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Monday, May 17, 2010

Don't make this common mistake with your RESP


RESPs are a popular way for parents and grandparents to save for a child's education. The government matches a portion of the contributions put in by the owner of the plan, making the plan grow nicely.


Sometimes the parent or grandparent dies while the money has not yet been used by the child and is still in the plan. The problem is that most people misunderstand where the money is going to go at that point and this results in disappointment, delays and lawsuits.


Most people incorrectly compare the RESP to the more familiar RRSP. We know that if we name somebody (a beneficiary) in our RRSP, on our death the named beneficiary gets the money in the RRSP. On the face of it, an RESP looks similar because it also names someone, namely the child whose education is being saved for. It appears that on the death of the person who owns the RESP, the child should get the money in the plan. But it doesn't work that way.


If a person is the only owner of an RESP , he or she is also the director of the RESP, that is, the person who makes decisions about how and when the money will be paid out on behalf of the child. Most people don't think to name anyone else as an alternate director. If the owner/director then passes away, the money still belongs to him or her and not to the named child. The RESP will then be an asset of the estate and will be divided according to the deceased person's Will, or if there is no Will, according to provincial intestacy laws.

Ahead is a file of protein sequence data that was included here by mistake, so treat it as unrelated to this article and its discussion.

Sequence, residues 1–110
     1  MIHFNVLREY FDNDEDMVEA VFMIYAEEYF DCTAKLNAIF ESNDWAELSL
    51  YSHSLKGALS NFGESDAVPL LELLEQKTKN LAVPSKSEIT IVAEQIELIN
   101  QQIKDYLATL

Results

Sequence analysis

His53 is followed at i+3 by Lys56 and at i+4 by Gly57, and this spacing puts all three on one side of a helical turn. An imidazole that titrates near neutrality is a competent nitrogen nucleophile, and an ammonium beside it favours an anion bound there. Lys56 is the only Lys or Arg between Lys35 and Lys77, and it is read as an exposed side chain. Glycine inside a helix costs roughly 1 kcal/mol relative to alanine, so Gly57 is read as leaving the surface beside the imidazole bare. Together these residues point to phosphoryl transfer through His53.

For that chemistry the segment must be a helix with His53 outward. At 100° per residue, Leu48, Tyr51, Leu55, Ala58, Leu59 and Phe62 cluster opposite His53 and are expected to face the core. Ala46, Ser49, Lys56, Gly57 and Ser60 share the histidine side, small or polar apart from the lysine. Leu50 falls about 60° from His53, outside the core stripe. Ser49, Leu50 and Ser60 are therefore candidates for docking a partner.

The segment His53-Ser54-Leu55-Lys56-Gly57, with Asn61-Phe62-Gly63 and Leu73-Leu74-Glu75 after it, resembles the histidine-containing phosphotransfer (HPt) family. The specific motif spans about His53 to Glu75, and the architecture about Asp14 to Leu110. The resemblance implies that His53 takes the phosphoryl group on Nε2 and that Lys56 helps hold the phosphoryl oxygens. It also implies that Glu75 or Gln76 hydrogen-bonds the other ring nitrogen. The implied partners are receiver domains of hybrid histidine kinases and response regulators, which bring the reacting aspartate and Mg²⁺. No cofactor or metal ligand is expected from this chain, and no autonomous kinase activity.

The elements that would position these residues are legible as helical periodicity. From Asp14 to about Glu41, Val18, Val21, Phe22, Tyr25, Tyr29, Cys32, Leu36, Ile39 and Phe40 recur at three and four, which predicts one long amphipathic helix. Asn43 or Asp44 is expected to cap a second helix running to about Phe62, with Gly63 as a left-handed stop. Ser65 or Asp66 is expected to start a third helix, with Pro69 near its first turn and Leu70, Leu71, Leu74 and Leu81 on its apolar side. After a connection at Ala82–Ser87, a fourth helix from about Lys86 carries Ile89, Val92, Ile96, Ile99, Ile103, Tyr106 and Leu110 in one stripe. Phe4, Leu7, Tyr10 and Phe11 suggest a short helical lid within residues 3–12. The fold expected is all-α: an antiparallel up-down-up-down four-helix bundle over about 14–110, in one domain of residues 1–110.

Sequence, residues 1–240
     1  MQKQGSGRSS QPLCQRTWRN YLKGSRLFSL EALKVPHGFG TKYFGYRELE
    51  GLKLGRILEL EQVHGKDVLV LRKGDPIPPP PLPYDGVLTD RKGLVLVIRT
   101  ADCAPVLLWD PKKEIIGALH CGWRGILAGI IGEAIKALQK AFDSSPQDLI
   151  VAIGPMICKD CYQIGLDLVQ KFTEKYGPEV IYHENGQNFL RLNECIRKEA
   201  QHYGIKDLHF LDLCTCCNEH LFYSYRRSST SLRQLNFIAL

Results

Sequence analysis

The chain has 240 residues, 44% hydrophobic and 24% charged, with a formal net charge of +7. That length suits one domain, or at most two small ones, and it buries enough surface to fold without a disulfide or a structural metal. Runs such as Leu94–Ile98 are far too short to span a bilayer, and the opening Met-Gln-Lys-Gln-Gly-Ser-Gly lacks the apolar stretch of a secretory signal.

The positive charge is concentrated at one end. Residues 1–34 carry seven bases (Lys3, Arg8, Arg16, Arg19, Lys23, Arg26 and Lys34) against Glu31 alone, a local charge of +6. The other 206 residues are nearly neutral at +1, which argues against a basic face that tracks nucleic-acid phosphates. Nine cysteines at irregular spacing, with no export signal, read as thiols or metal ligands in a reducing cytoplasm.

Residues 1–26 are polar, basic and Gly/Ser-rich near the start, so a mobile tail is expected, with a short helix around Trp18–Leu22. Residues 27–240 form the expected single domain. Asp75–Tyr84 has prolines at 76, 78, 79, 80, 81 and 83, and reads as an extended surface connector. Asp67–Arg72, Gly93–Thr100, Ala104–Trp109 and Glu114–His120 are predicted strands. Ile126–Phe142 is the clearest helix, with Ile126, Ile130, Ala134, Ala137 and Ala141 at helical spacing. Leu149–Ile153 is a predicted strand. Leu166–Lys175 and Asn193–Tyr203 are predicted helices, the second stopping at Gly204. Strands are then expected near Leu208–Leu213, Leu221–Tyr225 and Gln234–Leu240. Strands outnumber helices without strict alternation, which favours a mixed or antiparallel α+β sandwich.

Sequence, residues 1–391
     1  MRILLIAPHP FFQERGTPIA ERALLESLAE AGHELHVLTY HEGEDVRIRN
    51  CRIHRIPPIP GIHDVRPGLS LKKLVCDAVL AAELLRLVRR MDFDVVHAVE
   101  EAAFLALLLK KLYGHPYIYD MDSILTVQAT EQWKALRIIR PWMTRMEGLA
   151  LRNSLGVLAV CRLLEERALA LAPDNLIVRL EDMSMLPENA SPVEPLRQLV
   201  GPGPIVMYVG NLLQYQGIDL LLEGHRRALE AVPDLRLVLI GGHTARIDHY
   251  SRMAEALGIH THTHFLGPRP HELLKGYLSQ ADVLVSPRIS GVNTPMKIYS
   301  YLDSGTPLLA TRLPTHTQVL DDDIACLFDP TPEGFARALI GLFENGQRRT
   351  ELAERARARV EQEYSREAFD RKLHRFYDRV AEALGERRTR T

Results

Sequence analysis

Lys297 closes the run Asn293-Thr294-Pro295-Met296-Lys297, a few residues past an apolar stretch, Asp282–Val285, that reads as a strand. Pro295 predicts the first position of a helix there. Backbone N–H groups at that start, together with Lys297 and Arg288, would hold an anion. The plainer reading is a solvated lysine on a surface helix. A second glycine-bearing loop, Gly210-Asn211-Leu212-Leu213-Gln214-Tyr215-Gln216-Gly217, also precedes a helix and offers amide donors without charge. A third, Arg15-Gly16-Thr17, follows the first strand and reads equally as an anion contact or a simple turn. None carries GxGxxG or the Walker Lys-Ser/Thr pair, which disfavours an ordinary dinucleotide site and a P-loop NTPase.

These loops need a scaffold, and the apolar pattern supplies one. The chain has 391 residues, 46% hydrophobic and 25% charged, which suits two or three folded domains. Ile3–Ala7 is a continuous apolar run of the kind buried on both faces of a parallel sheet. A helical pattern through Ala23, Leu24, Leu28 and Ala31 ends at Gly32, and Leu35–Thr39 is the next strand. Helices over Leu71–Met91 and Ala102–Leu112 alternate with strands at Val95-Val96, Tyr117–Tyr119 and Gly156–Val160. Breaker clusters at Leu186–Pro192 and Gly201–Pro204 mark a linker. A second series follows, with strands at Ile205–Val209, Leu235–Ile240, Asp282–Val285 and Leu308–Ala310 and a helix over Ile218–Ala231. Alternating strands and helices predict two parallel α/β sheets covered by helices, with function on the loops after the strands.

If the RESP goes back into the estate, the portion of the money that is made up of government contributions over the years must be repaid to the government. The child won't get anything.


At this point, the child's parent or other guardian will usually protest that another director can easily be found, but the executor is not allowed to give away estate money other than as directed under the Will. If the child is not one of the beneficiaries under the Will, then the executor, who must always do what is in the best interests of the estate, can't decide to ignore the Will and pay the child anyway.


The easiest solution is to name an alternate director or a joint director at the time you set up the RESP account.


Another simple solution is to name someone as a director of your RESP plan in your Will. This is something that an experienced Wills and Estates lawyer would think to ask anyone who has school-aged children.


This is one (or should I say one more) reason that I am not a fan of home-made Wills. It's just so easy to leave out something that you have no idea would help you. If you have an RESP, check it to see whether you are the only owner on the plan. If so, do something about it.

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